Story by Colleen Hawkes
Photography by Bruce Damonte
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Rural architecture with modern twist
Exploring different design options for a rural site is a good way to fine-tune your wish list – after all there's usually plenty of space to go up and out if desired.
Architect Nick Noyes came up with three different alternatives for the owners of this rural property in California. But at the heart of all of these was a recognition that the house would not compete with the landscape, but rather sit comfortably within it.
"The owners chose to go with a design that presents the house as a cluster of farm buildings, with ultra-modern steel and glass linking elements, which we call connectors," Noyes says. "Architecturally, the four buildings are typical of the farming vernacular – they are simple, gabled volumes. The three living wings have James Hardie cladding that is similar to traditional wood boards, while the garage is clad in iron. Again, the different materials reference the way farm buildings evolve over time."
However, the architect says paring back the detailing, introducing the modern transition elements and an airy, open-plan interior elevates the concept, giving the house a very modern focus.
The three main volumes form a U shape around a large courtyard, with a series of steps leading down to a pool. Overhangs with steel and wood trellises provide shade and help to keep the interior cool in summer.
In the living wing, the white-painted wood-lined ceiling soars to follow the gabled roofline, with exposed rafters and black steel tie-rods.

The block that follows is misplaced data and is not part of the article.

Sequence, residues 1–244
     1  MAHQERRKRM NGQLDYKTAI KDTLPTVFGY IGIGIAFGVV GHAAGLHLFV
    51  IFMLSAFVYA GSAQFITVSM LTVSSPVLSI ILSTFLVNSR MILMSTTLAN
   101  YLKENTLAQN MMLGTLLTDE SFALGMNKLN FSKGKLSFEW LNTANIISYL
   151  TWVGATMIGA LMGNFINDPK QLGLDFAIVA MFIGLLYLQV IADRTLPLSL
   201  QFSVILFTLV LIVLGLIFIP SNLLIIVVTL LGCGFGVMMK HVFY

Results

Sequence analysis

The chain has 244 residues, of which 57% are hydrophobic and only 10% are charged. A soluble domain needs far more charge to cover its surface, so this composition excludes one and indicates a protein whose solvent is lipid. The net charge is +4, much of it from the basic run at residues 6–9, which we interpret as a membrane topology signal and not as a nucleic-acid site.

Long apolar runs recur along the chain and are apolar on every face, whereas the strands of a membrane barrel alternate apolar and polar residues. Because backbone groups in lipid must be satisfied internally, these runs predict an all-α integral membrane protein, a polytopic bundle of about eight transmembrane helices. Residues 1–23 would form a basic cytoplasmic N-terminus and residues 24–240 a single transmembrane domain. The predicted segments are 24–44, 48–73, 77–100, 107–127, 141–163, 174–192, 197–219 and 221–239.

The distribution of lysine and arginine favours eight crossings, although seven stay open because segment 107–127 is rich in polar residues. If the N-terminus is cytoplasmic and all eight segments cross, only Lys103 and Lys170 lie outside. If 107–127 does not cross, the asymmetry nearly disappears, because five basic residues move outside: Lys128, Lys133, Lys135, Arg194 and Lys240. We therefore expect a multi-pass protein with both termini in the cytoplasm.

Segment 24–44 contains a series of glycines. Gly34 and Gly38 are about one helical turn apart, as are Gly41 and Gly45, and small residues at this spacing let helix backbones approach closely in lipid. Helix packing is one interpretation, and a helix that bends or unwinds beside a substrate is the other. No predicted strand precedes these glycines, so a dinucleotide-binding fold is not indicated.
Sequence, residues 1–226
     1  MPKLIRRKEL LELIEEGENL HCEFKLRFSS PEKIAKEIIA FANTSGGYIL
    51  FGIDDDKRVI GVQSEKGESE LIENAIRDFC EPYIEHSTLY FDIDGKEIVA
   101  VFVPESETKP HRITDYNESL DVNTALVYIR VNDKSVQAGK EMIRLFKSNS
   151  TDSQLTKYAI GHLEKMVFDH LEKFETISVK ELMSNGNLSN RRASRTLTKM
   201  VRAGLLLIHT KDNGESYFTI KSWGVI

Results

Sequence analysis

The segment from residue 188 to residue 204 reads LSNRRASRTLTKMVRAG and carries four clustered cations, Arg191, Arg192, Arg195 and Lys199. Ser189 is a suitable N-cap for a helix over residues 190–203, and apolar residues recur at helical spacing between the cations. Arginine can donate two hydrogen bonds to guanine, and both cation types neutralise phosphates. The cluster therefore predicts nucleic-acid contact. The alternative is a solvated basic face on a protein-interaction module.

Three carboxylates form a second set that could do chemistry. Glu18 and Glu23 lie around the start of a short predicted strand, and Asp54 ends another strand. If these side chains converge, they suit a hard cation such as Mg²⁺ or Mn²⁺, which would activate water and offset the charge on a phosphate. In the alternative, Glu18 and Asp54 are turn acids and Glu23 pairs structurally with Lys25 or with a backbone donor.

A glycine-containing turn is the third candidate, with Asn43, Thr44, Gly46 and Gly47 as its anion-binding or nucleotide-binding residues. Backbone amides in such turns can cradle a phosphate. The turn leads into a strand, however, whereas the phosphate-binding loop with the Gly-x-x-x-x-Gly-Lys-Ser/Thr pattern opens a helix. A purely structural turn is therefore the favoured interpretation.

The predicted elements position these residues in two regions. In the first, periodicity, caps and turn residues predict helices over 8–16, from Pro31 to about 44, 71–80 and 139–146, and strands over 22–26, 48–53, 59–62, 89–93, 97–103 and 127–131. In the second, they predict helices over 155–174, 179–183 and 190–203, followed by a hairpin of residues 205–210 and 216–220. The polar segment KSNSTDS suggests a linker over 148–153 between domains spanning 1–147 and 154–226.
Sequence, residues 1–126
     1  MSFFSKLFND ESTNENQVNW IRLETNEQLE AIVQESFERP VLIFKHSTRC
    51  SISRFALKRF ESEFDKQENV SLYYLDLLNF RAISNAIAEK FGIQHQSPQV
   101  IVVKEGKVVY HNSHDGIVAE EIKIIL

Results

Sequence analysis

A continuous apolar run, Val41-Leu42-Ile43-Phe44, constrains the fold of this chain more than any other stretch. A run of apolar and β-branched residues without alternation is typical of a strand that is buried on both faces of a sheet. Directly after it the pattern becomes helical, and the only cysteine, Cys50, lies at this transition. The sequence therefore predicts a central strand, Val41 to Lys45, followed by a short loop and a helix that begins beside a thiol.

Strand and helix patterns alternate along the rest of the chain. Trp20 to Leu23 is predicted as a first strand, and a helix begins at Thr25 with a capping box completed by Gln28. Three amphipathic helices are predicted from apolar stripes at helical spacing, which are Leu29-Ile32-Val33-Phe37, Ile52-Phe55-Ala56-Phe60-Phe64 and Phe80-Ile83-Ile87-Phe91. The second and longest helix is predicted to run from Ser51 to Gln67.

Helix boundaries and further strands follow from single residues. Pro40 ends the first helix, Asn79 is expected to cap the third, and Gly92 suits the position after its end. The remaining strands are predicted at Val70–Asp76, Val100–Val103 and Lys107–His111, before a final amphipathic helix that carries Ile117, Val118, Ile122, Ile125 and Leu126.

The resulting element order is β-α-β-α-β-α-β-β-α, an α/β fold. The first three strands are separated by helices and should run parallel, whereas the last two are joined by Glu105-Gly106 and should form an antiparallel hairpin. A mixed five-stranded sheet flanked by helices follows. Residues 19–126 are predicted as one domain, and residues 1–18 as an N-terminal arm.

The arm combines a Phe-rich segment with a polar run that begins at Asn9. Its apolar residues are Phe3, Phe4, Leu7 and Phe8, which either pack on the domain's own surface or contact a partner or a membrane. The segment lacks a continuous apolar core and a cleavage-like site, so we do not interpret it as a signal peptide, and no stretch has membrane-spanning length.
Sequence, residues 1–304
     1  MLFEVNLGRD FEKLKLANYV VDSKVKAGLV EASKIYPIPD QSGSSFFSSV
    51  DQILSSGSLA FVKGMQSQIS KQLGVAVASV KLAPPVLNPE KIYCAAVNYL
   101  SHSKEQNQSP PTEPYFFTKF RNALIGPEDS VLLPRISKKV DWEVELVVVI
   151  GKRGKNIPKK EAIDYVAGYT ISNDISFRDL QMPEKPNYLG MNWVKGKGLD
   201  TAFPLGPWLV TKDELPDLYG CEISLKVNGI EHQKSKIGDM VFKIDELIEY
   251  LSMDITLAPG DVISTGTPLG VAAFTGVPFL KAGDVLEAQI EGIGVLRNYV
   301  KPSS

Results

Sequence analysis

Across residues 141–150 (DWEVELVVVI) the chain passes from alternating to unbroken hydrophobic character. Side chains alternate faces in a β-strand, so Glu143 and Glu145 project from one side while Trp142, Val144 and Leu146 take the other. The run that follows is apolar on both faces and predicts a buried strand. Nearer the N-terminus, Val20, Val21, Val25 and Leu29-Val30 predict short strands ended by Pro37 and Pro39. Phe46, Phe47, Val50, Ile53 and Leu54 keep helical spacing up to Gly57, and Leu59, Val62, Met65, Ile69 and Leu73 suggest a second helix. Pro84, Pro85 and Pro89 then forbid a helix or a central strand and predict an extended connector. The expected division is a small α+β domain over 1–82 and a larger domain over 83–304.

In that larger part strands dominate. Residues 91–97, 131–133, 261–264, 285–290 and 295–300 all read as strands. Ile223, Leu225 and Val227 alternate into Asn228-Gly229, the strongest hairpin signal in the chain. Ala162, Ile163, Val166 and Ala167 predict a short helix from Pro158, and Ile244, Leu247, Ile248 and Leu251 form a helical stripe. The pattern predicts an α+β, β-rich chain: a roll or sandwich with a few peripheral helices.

"The ceiling reinforces the barn-like feel of the interior, but we chose to make the tie-rods from steel to keep the look crisp and modern," says Noyes. "They set up a nice rhythm throughout the space."
Rather than tuck the kitchen towards the back of the living area, the owners chose to position it centrally, between the dining and living areas.
"It's a very social space," says the architect. "The owners wanted the kitchen to be in the middle of everything. They said they don't care if everyone can see the clutter of food preparation. But there is a large pantry tucked out of sight behind."
In keeping with the old-meets-new design, the rear cabinets have rustic wood doors, but these are flush with recessed pulls. They create a textural backdrop to two white islands, including an L-shaped island with the cooking centre and sink.
The barn references can be seen in other areas, noticeably where the walls are painted boards. In the connectors, these walls are reminiscent of traditional porches. Noyes says the construction team also took great care to line up the boards with the windows, to help keep the look simple and calm.
"It may not be instantly obvious, but if the alignment wasn't there, the effect would be much more cluttered."
Throughout the house, windows and doors are positioned to maximise cross ventilation. Other sustainable benefits include passive solar gain from the thermal mass of the concrete slab. Provision has also been made for the installation of photovoltaic panels at a later date.
First published date: 01 April 2014
More news from Trends
|Architect||Nick Noyes, Nick Noyes Architecture (San Francisco)|
|Interior designer||Christopher Miniello, C Miniello Interiors|
|Structural engineer||Duncan Engineering|
|Cladding||James Hardie HardiePlank|
|Roofing||Galvalume corrugated roofing|
|Doors and windows||Hope's Steel|
|Paints and varnishes||Benjamin Moore|
|Kitchen cabinetry||Painted wood|
|Benchtops and splashback||Carrara marble|
|Oven and cooktop||Wolf|
|Dishwasher||Bosch, available at Kitchen Things|